District Heating – an effective and environmentally efficient method of heating residential areas
In a district heating system, heat is generated in a central location and then distributed via a network of insulated pipes to provide both space heating and heating for domestic hot water to a number of buildings. Heat is supplied to the individual dwellings directly or indirectly. The direct option is ideal for use with low-pressure systems and provides heating direct from the main circuit to the dwelling.
In the indirect version, heat exchanger stations are used to connect the district heating network to individual buildings/dwellings in order to deliver heat and hot water at the appropriate temperatures to the households. Stations can vary in size and can supplying heat to a number of dwellings (flats) or to just one dwelling (a family house).
District heating schemes can vary in size from a village network connected to a few family houses to citywide networks, like the ones in Sofia and Plovdiv, providing heat to numerous apartment buildings. In many residential areas, district heating could be the most cost-effective and clean option for heating provision because plain hot water circulates in the district heating network eliminating the risk of fuel spillages, explosions/fires and air-pollution that may happen due to fuel supply and combustion in or next to individual dwellings.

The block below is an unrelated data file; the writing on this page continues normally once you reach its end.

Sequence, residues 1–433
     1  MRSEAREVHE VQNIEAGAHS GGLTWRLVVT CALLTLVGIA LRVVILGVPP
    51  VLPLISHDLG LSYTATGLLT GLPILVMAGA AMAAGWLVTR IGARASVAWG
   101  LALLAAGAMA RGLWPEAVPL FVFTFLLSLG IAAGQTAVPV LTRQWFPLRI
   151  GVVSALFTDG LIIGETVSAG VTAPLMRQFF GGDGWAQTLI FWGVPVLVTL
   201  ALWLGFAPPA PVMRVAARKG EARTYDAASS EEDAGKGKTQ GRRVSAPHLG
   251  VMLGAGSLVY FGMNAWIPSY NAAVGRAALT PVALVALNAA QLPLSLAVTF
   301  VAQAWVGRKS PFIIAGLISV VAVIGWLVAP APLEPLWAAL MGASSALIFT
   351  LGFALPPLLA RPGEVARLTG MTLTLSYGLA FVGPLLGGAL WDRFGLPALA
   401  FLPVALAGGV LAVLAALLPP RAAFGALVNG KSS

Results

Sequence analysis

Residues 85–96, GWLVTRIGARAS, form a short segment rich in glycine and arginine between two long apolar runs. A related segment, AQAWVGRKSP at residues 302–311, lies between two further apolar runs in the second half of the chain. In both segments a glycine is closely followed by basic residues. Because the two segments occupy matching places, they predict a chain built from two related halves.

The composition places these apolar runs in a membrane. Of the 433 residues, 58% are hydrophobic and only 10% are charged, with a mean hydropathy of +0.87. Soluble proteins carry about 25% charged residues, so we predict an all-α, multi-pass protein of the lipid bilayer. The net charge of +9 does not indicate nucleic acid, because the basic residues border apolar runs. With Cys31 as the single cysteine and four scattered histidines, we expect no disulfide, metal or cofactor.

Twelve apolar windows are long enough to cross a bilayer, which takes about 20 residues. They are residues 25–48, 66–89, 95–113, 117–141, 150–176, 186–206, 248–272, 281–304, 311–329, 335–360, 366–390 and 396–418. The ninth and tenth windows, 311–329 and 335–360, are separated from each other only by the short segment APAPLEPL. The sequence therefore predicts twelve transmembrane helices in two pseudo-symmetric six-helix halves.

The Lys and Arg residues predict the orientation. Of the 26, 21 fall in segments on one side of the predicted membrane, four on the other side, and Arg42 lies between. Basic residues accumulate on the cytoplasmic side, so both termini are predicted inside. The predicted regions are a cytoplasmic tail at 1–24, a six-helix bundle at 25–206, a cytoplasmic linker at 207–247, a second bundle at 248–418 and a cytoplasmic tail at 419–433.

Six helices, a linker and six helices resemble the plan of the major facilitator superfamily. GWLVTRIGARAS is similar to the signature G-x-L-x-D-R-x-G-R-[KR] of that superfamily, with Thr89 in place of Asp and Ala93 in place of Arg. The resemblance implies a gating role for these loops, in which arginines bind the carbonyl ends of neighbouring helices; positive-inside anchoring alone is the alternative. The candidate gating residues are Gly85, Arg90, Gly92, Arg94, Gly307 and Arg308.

Another advantage of district heating is that heat can be supplied to the system from a range of sources allowing for selecting the most economical one for a particular residential area. Sources could include: boilers using renewable fuels (e.g. biomass), boilers recovering waste heat from power generation, or water heaters using heat from renewable sources such as solar, geothermal or heat pumps.
To benefit from a cost effective and high quality district heating service, the householders should demand from the utility companies to guarantee provision at all times of:
- Sufficient and reliable supply of heat
- High energy efficiency of heat generation, transmission and distribution
- Accurate heat metering
If householders are interested in getting connected to a district heating network or upgrading the existing central heating installations, they are advised to contact the local district heating company. Many district heating companies are collaborating with the local banks participating in the REECL Programme and may be able to assist in providing advice and arranging financing for optimal solutions.